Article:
But maybe there is a way and one which always gets attention and results. Wikipedia depends on donations. Simply stop sending any money to the Wikipedia Foundation, stop your contributions, stop your PayPal accounts - it will get noticed sooner or later. It will also force all the distinguished thinkers at Wikipedia Offices in Tampa, Florida to climb down out of their ivory towers and start dealing with real problems. I have no doubts that the absolute majority of donations to Wikipedia Foundation comes from the U.S., I do not think that contributions from the People's Republic of China or the Czech Republic matter too much. Therefore I believe that American money should not support intellectual brainwashing anywhere (be it in China or Eastern Europe) and that the founders and managers of this great idea - a free Internet encyclopedia - should decisively step in and use all means at their disposal to stop abuse of their own project by some marxist intellectual vermin of world. Situation is bad. And nothing short of immediate, resolute action to make it better is acceptable.

Ross Hedvicek Florida, USA

I am available to discuss details (in preferably civilized way) and offer more details.

Ross.Hedvicek 18:18, 27 April 2006 (UTC)Reply


Hmmm, maybe I'm just weird, but can you explain to me what the WMF-board was doing in the past, is doing currently, and should be doing with you on it? Effeietsanders 14:55, 12 August 2006 (UTC)Reply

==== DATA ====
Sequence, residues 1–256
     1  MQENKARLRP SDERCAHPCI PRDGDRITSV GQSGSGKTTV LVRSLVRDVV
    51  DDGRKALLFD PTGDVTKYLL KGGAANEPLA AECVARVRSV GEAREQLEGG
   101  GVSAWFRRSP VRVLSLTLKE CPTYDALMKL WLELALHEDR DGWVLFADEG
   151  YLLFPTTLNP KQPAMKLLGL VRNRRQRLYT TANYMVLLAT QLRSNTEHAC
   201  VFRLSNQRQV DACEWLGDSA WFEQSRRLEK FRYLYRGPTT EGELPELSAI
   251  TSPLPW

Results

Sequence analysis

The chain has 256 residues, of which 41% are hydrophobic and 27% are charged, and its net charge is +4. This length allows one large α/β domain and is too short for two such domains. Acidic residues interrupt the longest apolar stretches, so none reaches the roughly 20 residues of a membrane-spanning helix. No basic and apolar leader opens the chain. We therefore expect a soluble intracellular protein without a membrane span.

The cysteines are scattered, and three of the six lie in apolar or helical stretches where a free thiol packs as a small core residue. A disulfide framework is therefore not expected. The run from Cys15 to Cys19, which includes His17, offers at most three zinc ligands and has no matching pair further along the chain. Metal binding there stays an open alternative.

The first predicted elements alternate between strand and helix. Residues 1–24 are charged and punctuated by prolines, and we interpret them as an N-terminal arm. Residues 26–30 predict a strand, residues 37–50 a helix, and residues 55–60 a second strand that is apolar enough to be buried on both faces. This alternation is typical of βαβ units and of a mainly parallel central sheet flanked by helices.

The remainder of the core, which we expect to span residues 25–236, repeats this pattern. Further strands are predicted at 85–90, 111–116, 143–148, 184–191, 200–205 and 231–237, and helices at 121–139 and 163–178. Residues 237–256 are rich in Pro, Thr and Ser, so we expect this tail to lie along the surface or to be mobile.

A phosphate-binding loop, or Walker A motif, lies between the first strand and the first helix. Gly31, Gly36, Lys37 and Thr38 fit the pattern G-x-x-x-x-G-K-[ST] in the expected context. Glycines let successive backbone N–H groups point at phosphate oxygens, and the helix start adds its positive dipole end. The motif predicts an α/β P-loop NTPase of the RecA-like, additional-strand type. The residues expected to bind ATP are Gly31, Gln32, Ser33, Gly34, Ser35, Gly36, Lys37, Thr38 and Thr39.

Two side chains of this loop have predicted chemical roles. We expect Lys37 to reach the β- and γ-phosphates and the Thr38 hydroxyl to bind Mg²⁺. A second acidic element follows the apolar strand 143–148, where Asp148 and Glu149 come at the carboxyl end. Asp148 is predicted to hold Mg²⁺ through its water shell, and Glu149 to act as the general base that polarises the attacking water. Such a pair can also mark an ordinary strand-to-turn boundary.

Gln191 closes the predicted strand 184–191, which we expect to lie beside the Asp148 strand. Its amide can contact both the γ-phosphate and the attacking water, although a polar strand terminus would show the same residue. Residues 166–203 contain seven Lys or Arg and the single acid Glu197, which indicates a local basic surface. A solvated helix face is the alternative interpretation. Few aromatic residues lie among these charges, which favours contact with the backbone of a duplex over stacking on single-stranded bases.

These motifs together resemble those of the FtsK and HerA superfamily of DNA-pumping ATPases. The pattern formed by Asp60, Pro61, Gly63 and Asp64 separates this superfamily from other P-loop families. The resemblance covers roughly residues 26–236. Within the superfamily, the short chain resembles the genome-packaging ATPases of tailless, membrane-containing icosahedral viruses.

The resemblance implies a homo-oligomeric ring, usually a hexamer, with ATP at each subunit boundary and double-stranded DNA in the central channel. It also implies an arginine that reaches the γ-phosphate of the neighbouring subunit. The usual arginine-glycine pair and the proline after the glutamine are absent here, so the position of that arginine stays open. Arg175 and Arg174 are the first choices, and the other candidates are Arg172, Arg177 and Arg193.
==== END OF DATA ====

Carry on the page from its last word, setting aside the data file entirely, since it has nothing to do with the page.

Board was not taking action againt blatant abuse of principles (on EN and CS) on which this project was founded. I will let my voice be heard about that - and I am generally the quiet type. Ross.Hedvicek 12:39, 13 August 2006 (UTC)Reply
I suppose now is the right time for you to reveal which particular Wiki principles have been blatantly abused by the board? Let your voice be heard! And what exactly would you improve in the board's operation, if you were elected? Anyway, Ross, have you any previous board or generally corporation management experince? --Oneliner 13:55, 20 August 2006 (UTC)Reply
To Oneliner: Answer is in the article above. If you refuse to do the right thing - you are doing the wrong thing. And yes, I have board and corporate management experience. :-) I am far from being young and inexperienced. Ross.Hedvicek 19:03, 24 August 2006 (UTC)Reply
Thank you Ross, I think you answered my question. With "no" :S. Effeietsanders 09:03, 23 August 2006 (UTC)Reply
NO means that you will vote for me? Thank you. Ross.Hedvicek 18:57, 24 August 2006 (UTC)Reply



You have indicated that you wish to accept my offer to post your statement in Wikizine. (Wikizine/election 2006). But until now I have not received you statement. Please post in on my talk page (max +/- 300 words please) or remove your name form that list or at least inform me. I need to know what your intentions are for the planing of the publication of those statements.

Greetings, Walter 21:57, 23 August 2006 (UTC)Reply